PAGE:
Māori youth health and wellbeing improves
Māori youth health and wellbeing improves but is still concerning
Māori secondary school students are happier and are less likely to drink alcohol, smoke cigarettes and use marijuana compared to Māori students in 2001.
"While the health of Maori secondary school students has improved since 2001, there remain some concerning disparities" says Dr Terryann Clark from the School of Nursing and a co-investigator on the project. "Compared to Pākehā/NZ European students, Māori students are more likely to experience socio-economic hardship, be exposed to violence and have higher health needs like being overweight and experiencing emotional health concerns."
Overall, Māori students have more health issues but are more likely to experience difficulty accessing health services when they when they need them.
These new research findings come from Youth'07, New Zealand's second national survey of the health and wellbeing of secondary school students, conducted by the Adolescent Health Research Group at The University of Auckland. From this large study of 9500 students there were 2059 Māori youth representing secondary schools and Wharekura from around New Zealand.
"Despite the disparities Māori students experience, they report many strengths and assets. For example, almost all Māori students report they are proud to be Māori and over one-third speak and understand te reo Māori. Most Māori students say they want to stay at school till year 13 (form 7), and almost 90% of Māori students said that their parents care about them very much" says Dr Clark.
The findings from Youth'07 reflect what young people are saying about how things are for them; it describes their lives, their assets and their challenges. The findings highlight areas where improvements in health should be made and will be invaluable for policy-makers, families and schools who care about the future for young people and indeed, our wider society.
Compared to Māori students in 2001, Māori students in 2007 are:
Happier: 91.2% of Māori students reported that they are
satisfied with their life. Fewer Māori males reported
depressive symptoms in 2007 (4.9%) compared to 2001 (9.9%),
and fewer Māori reported a suicide attempt in 2007 (6.9%)
compared to 2001 (11.5%).
• Less likely to drink alcohol, use cigarettes and marijuana: Fewer Māori students in 2007 reported they had ever tried alcohol (84.5%) compared to 2001 (89.5%). Fewer Māori students in 2007 (50.1%) report that they had ever smoked a cigarette compared to 2001 (66.6%). Fewer Māori students have ever tried marijuana in 2007 (47.8%) compared to 2001 (57.7%).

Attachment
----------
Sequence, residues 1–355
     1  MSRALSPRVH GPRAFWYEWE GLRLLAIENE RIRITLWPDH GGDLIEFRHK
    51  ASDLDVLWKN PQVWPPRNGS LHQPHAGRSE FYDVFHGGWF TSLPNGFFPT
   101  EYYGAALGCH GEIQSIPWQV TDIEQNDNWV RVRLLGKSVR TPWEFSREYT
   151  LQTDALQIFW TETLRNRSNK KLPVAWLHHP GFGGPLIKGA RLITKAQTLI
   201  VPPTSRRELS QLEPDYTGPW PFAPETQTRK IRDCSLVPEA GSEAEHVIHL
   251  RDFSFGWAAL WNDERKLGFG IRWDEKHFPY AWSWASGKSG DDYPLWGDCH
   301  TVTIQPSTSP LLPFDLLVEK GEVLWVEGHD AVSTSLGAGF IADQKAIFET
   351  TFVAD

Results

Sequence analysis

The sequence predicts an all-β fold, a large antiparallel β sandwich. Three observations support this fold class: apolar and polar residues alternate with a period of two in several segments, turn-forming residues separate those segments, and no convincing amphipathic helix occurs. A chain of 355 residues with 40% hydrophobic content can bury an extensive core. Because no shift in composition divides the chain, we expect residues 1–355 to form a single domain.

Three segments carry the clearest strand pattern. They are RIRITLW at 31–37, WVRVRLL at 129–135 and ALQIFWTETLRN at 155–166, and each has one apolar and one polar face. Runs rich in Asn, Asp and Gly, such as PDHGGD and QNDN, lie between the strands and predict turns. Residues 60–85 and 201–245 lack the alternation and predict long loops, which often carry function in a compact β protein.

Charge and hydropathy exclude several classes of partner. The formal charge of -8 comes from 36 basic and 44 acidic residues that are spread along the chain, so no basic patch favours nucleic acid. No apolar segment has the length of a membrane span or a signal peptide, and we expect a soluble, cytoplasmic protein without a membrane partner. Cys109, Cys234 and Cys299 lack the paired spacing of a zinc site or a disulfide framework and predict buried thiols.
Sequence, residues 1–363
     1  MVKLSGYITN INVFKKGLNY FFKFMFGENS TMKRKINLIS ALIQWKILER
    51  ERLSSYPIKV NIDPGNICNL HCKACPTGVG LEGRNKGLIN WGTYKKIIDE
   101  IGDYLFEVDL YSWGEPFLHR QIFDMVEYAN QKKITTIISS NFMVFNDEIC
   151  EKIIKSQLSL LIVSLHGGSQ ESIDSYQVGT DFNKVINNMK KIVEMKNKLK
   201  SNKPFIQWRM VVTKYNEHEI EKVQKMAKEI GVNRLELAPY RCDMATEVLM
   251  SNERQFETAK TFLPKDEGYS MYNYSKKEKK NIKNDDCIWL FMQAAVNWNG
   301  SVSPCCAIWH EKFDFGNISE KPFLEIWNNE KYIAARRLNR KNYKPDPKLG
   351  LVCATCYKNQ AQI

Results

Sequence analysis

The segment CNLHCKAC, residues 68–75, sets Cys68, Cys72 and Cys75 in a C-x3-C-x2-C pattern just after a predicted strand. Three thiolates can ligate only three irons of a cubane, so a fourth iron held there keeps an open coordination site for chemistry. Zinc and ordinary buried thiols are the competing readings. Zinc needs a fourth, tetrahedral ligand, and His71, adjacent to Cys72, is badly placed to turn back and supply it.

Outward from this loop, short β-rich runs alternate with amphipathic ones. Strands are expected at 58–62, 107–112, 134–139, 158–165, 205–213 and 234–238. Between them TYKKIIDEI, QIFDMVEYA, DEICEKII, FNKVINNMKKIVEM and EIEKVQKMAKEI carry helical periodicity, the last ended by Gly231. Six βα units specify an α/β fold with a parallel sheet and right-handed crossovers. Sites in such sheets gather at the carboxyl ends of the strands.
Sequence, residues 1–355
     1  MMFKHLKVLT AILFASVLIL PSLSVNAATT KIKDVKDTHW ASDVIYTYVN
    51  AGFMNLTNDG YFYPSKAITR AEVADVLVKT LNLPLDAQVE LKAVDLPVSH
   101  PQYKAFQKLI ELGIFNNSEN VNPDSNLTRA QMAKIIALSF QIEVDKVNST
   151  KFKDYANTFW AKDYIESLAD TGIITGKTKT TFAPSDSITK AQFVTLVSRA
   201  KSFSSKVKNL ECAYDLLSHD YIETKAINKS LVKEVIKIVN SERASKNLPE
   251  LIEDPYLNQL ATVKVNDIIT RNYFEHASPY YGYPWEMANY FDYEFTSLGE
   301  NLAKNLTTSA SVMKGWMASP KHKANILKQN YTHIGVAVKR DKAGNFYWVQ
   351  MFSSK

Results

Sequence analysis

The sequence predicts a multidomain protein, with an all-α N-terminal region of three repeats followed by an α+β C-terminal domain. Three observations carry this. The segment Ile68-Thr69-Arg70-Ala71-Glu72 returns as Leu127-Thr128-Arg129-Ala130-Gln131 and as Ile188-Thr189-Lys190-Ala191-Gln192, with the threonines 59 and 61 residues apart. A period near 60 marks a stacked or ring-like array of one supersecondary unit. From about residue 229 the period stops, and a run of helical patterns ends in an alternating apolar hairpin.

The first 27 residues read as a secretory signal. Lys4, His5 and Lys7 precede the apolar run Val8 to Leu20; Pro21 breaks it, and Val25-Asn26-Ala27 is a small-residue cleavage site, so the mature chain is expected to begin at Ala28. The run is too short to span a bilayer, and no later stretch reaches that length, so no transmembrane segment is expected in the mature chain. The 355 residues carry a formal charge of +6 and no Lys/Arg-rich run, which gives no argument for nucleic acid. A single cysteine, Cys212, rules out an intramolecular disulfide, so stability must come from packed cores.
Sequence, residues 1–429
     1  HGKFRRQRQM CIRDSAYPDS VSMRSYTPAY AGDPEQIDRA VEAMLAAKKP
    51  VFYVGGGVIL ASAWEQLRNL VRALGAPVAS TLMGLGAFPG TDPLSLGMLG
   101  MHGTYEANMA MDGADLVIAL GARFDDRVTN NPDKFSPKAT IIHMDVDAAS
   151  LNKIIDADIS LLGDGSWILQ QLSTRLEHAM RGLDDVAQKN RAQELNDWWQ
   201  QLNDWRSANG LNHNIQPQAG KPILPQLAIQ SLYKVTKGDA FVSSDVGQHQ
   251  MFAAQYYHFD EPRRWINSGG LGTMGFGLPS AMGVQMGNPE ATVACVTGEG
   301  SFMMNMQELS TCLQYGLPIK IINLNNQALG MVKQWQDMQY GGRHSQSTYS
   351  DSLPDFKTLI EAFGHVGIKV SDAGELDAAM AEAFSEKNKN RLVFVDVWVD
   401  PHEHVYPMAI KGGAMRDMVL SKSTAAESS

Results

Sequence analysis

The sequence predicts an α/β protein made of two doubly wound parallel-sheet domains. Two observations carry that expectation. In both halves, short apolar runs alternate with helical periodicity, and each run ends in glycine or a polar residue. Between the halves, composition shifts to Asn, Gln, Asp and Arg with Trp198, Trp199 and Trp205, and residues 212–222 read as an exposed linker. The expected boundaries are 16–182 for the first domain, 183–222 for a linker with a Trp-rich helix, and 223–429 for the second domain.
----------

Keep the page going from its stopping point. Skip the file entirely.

Māori students report many strengths including;
• 97% report they are proud to be Māori
• 34% speak and 39% understand te reo Māori fairly well or better
• 75% of Māori students say they want to stay at school till year 13 (form 7)
• 88% of Māori feel they are part of their school
• 87% said that their parents care about them very much
However compared to Pākehā/NZ European students, Māori are more likely to:
• Come from lower socio-economic environments: Māori are more likely to come from lower decile schools, live in economically deprived communities than Pākehā students. In addition, 10.4% of Māori students worried frequently about not having enough food.
• Be exposed to violence in their communities and homes: Twenty three percent (23%) of Māori students have witnessed an adult hitting or physically hurting a child in their home (compared to 17% of Pākehā), and 19.8% do not feel safe in their neighbourhoods. 17% of Māori students reported experiencing a sexually coercive or abusive situation.
• Have mental health concerns: Māori females (16.4%) were significantly more likely to report depressive symptoms than Pākehā/NZ European females (12.7%). Māori females (9.6%) and males (4.4%) were more likely than their Pākehā peers (females 5.1%, males 2.4%) to have made a suicide attempt in the past year.
• Use contraception inconsistently: Māori students (74.2%) are less likely to report always using contraception compared to Pākehā students (87.3%).
• Be overweight: Thirty percent (30.2%) of Māori students are considered overweight and 16% obese (compared to Pākehā, 23.9% overweight and 10.2% obese).
Not be able to access health care they needed: Nearly a quarter (22.8%) of Māori students were not able to get the healthcare they needed in the previous 12 months compared to 17% of Pākehā/NZ